One of the main misconceptions about solar power is that it’s only affordable for rich environmentalists. But a new study shows how far off that notion really is.
Using U.S. census data and public solar installation records from California, Arizona, and New Jersey, the report from the Center of American Progress shows that 60% of home solar installations occur in neighborhoods with median household incomes that are between $40,000 to $90,000—solidly in the middle class.
We’ll get to some reasons why solar is becoming so popular with middle class home owners, but for now, take a look at this graph from the study to see the details of these numbers:
The same study also showed that from 2011 to 2012, the growth of solar installations in these three states also came from people with median incomes ranging from $40,000 to $50,000 in both Arizona and California and $30,000 to $40,000 in New Jersey.
Why Solar Is Growing So Fast in the Middle Class
While this latest study shows that the majority of solar installations in these states are coming from middle class homeowners, it does not go into the reasons why solar has become so attractive for these people.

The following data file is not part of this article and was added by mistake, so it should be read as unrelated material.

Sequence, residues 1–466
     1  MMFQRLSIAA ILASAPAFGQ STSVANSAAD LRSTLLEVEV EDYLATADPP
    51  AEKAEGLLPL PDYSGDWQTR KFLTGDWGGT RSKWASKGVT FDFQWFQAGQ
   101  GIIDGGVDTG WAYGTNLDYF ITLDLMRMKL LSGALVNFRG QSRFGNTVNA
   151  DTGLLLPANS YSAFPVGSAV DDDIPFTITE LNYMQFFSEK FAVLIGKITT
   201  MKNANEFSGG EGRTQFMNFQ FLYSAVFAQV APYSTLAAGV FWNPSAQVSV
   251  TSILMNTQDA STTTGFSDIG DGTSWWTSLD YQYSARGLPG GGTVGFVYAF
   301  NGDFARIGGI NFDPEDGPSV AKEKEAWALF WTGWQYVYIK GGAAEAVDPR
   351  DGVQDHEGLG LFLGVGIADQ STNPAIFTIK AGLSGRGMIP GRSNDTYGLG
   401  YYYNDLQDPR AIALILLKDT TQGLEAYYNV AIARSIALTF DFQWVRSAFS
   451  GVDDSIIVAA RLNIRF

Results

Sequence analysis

Most industry analysts would credit the growth in middle class installations to the new ways to finance solar, namely with solar leases and solar PPAs. These two new solar financing methods allow homeowners in California, Arizona, and New Jersey, as well as Colorado, Oregon, and Hawaii to go solar with no upfront costs—and still get guaranteed savings off their utility costs.
The other draw to homeowners is that solar leases and solar PPAs don’t require a down payment. That means that you don’t have to dip into savings or get a loan, and you can reserve your home equity for emergencies. Meanwhile, the solar lease will still allow you to get 10% to 20% savings on electric bills with no upfront payment.
The other reason why middle class homeowners may be attracted to solar recently is that solar panel prices have come down in the last three years, and that’s reducing the overall installation cost for everyone. In fact, solar panel prices have come down 80% between 2008 and 2012.
For those middle class homeowners who have weathered the recession and seen their home equity return, solar now makes more financial sense than ever.